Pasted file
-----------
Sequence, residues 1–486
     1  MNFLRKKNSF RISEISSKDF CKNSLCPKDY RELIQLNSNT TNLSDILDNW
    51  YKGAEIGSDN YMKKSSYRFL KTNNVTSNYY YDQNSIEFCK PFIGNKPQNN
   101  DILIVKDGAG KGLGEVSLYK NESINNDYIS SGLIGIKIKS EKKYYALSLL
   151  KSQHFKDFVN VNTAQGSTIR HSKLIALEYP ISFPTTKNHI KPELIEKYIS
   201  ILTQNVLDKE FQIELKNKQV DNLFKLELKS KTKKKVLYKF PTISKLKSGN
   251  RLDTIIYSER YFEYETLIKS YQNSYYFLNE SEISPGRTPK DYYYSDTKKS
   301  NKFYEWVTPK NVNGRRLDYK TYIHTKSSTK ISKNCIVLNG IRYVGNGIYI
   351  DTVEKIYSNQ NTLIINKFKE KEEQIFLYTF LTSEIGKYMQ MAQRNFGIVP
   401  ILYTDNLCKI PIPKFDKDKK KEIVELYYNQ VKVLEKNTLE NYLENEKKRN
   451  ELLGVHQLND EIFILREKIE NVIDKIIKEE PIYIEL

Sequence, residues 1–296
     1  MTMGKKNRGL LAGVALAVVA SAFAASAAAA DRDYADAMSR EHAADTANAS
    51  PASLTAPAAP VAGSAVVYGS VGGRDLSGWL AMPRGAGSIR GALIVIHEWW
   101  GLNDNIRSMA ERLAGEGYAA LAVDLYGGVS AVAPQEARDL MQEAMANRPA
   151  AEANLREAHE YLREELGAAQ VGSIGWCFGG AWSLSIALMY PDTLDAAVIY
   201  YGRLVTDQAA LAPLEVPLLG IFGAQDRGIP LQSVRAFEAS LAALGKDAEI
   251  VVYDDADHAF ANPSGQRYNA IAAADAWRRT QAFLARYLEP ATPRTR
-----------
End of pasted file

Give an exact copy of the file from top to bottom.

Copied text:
Sequence, residues 1–486
     1  MNFLRKKNSF RISEISSKDF CKNSLCPKDY RELIQLNSNT TNLSDILDNW
    51  YKGAEIGSDN YMKKSSYRFL KTNNVTSNYY YDQNSIEFCK PFIGNKPQNN
   101  DILIVKDGAG KGLGEVSLYK NESINNDYIS SGLIGIKIKS EKKYYALSLL
   151  KSQHFKDFVN VNTAQGSTIR HSKLIALEYP ISFPTTKNHI KPELIEKYIS
   201  ILTQNVLDKE FQIELKNKQV DNLFKLELKS KTKKKVLYKF PTISKLKSGN
   251  RLDTIIYSER YFEYETLIKS YQNSYYFLNE SEISPGRTPK DYYYSDTKKS
   301  NKFYEWVTPK NVNGRRLDYK TYIHTKSSTK ISKNCIVLNG IRYVGNGIYI
   351  DTVEKIYSNQ NTLIINKFKE KEEQIFLYTF LTSEIGKYMQ MAQRNFGIVP
   401  ILYTDNLCKI PIPKFDKDKK KEIVELYYNQ VKVLEKNTLE NYLENEKKRN
   451  ELLGVHQLND EIFILREKIE NVIDKIIKEE PIYIEL

Sequence, residues 1–296
     1  MTMGKKNRGL LAGVALAVVA SAFAASAAAA DRDYADAMSR EHAADTANAS
    51  PASLTAPAAP VAGSAVVYGS VGGRDLSGWL AMPRGAGSIR GALIVIHEWW
   101  GLNDNIRSMA ERLAGEGYAA LAVDLYGGVS AVAPQEARDL MQEAMANRPA
   151  AEANLREAHE YLREELGAAQ VGSIGWCFGG AWSLSIALMY PDTLDAAVIY
   201  YGRLVTDQAA LAPLEVPLLG IFGAQDRGIP LQSVRAFEAS LAALGKDAEI
   251  VVYDDADHAF ANPSGQRYNA IAAADAWRRT QAFLARYLEP ATPRTR